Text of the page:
# Writing research papers in Markdown with pandoc and LaTex (Part I: Style guide formatting)

October 24, 2018

Those of us that have grown accustomed to the pristine simplicity of writing and coding in environments like Vim, Emacs or even Notepad dread the times when we are forced to use word processors like Microsoft Word, LibreOffice or Pages. This often happens when we need to write a research paper or some document that requires special formatting. Whether it be APA, MLA, The Chicago Manual of Style, or any other style guide, all of them present very specific demands regarding margins, font size, line height, citations and a myriad of other formatting options.

Wouldn’t it be nice if we could forget about formatting and just focus on the content? This is precisely the main objective of this post: to show you how to comply with formatting guidelines using only Markdown, without troubling with the hassle that comes with word processors.

We are going to accomplish this in two steps:

1. First, we are going to use Latex to create a template for one specific style guide (We’ll use APA for the purposes of this example). In this template file we’ll abstract all the configuration options so we can focus on the content in a separate Markdown document.

2. Second, we are going to take our document in Markdown and transform it using pandoc. This document is going to be free from any formatting options. By performing this separation, we can take it and convert it to a document in another style guide, to a blog post, or even to a slideshow presentation.

This is one of the main advantages of separating content from formatting: you get the flexibility of applying multiple formats to the same content (this very blog post was written using markdown and then converted to HTML by Hugo, a static site generator).

Let’s get to it then. We’ll be using the following paper as an example.

---
author: John Doe
title: A hipster stravaganza
shorttitle: A hipster stravaganza
abstract: Lorem ipsum dolor sit amet
affiliation: APLAPLAC University
---

# Introduction

Markdown is a lightweight markup language with plain text formatting syntax.
It is designed so that it can be converted to HTML and many other formats using a tool by
the same name. Markdown is often used to format readme files, for writing messages
in online discussion forums, and to create rich text using a plain text editor.

# A very interesting section

John Gruber created the Markdown language in 2004 in collaboration with Aaron Swartz on the syntax, with the goal of enabling people "to write using an easy-to-read and easy-to-write plain text format, optionally convert it to structurally valid XHTML (or HTML)".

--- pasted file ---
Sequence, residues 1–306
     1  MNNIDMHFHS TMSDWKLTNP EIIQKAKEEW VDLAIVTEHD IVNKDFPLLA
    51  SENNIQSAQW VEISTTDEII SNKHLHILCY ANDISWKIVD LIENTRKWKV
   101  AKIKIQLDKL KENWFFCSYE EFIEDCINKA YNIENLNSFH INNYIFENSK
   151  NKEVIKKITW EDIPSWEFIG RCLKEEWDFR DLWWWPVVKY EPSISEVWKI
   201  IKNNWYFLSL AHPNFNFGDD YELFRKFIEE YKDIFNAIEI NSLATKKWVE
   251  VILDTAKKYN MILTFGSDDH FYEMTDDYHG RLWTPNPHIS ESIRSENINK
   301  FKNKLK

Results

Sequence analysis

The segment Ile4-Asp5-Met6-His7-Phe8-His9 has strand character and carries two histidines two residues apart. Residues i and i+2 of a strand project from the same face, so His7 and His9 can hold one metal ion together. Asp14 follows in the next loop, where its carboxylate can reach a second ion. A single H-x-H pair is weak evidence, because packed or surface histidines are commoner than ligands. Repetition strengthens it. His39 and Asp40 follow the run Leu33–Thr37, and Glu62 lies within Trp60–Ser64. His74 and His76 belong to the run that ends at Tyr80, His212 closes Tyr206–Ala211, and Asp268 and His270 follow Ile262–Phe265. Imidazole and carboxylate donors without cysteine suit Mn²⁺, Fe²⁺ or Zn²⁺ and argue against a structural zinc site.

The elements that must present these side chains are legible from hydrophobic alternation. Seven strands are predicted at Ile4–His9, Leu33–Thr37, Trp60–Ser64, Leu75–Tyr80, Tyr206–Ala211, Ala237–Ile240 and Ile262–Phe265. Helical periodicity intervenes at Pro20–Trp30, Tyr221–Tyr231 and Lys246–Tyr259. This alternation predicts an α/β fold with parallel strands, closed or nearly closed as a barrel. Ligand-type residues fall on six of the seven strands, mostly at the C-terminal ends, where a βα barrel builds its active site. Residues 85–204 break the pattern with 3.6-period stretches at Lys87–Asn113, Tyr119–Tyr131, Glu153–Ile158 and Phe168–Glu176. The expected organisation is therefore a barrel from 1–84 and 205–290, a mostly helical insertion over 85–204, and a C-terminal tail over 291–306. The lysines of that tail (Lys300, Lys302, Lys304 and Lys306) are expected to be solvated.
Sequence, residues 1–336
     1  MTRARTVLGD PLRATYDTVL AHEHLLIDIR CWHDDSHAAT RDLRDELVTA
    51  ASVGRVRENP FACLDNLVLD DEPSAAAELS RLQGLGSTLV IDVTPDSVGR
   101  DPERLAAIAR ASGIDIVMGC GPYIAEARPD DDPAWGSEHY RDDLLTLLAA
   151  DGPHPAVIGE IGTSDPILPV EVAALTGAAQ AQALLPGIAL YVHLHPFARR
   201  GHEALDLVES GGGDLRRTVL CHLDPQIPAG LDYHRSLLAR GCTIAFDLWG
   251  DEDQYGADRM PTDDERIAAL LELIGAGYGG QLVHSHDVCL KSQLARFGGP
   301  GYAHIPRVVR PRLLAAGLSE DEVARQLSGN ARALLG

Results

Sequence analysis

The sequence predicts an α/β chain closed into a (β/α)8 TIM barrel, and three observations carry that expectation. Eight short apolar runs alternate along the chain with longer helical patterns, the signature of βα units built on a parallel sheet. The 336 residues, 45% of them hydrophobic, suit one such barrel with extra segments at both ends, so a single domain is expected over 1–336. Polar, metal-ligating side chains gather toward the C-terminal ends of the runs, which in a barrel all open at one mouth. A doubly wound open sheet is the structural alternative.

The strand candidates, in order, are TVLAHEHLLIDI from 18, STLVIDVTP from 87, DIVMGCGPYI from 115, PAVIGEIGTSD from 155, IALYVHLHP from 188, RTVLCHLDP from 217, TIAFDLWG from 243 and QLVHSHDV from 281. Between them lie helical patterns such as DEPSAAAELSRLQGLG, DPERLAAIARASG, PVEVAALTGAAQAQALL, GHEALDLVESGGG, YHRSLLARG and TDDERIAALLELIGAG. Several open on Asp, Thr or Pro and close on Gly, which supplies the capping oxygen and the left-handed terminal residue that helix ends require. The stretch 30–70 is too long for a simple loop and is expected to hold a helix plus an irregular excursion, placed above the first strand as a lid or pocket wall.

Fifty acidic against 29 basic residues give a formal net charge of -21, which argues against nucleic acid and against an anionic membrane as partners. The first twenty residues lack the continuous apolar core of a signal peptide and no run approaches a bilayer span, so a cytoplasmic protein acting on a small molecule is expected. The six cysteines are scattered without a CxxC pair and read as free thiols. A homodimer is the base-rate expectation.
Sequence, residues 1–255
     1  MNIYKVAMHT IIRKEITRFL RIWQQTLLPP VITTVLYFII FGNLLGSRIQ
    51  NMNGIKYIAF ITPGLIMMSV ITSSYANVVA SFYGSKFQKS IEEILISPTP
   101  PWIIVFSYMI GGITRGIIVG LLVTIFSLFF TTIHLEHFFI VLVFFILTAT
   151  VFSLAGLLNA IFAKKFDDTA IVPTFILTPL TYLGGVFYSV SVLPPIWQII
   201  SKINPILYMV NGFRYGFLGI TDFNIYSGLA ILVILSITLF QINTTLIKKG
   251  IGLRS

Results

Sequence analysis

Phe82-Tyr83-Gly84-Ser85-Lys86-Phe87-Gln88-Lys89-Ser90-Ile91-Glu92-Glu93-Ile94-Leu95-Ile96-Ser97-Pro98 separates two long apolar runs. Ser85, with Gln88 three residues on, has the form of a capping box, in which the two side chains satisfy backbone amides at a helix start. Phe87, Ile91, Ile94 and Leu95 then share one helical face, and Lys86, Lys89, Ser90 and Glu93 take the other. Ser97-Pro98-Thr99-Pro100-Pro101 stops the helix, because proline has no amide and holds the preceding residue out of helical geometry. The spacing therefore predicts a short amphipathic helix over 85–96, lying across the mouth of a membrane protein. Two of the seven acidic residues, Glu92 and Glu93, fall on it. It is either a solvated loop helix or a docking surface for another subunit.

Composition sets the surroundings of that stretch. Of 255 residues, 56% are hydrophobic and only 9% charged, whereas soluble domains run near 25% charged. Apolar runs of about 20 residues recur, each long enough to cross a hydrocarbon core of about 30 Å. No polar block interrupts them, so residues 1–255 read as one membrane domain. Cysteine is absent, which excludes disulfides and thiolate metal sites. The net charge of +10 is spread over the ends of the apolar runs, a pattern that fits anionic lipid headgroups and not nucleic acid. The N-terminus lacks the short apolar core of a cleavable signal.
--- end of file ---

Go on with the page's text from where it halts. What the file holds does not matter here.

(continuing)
If we wanted to style this paper according to APA formatting guidelines, we’ll expect to end up with something like this:

To do this using LaTex, we’ll have to write such amount of boilerplate code that it would make word processors look as the user-friendliest of alternatives:

\documentclass[a4paper,man]{apa6}

\usepackage[english]{babel}
\usepackage[utf8x]{inputenc}

\title{A hipster stravaganza}
\shorttitle{A hipster stravaganza}
\author{John Doe}
\affiliation{APLAPLAC University}

\abstract{Lorem ipsum dolor sit amet.}

\begin{document}
\maketitle

\section{Introduction}

Markdown is a lightweight markup language with plain text formatting syntax. It is designed so that it can be converted to HTML and many other formats using a tool by the same name.[8] Markdown is often used to format readme files, for writing messages in online discussion forums, and to create rich text using a plain text editor.

\section{A very interesting section}

John Gruber created the Markdown language in 2004 in collaboration with Aaron Swartz on the syntax, with the goal of enabling people "to write using an easy-to-read and easy-to-write plain text format, optionally convert it to structurally valid XHTML (or HTML)".

\end{document}


Instead of writing all this boilerplate code every time for every article, we are going to transform this into a pandoc LaTex template. In this template, we’ll replace the contents with pandoc variables enclosed by dollar signs ($). \documentclass[a4paper,man,biblatex,12pt]{apa6} \usepackage{longtable} \usepackage[spanish]{babel} \usepackage[utf8]{inputenc} \usepackage[style=apa,sortcites=true,sorting=nyt,backend=biber]{biblatex} \addbibresource{$bibliography$} \title{$title$} \shorttitle{$shorttitle$} \author{$name$} \affiliation{} \abstract{$abstract$} \begin{document} \maketitle$body$\printbibliography \end{document}  Once we call pandoc, it’ll replace these variables with the ones found in our YAML‑formatted front matter in our Markdown document. An exception to this is the special variable $body$, which is going to be replaced by our whole Markdown document transformed into LaTex. To do this, we call pandoc with the following arguments: $ pandoc --standalone --smart \
--template apa.tex \
--from  markdown+raw_tex myfile.md \
--to latex \
--output output.tex


Afterwards, we call pdflatex to transform the generated LaTex file into a PDF document.

$pdflatex output.tex  We can transform this into a bash script to abbreviate the process: #!/bin/bash TEMPLATE_FILE=$1
MARKDOWN_FILE=$2 # converts markdown to LaTex pandoc --standalone --smart \ --template$TEMPLATE_FILE \
--from  markdown+raw_tex $MARKDOWN_FILE \ --to latex \ -o output.tex # converts LaTex to PDF pdflatex output.tex # renames file mv output.pdf${MARKDOWN_FILE%.*}.pdf
# cleans up auxiliary files
rm output*


To use this script, we’ll simply have to provide a template and a markdown file with the contents of our paper.

\$ ./md2latex apa-template.tex mypaper.md


Here, apa-template.tex corresponds to a LaTex template and mypaper.md to our markdown file.

## Next Steps

Stay tuned for part two of this post, in which we are going to look at some alternatives to include citations and bibliographies using a minimal amount of LaTex.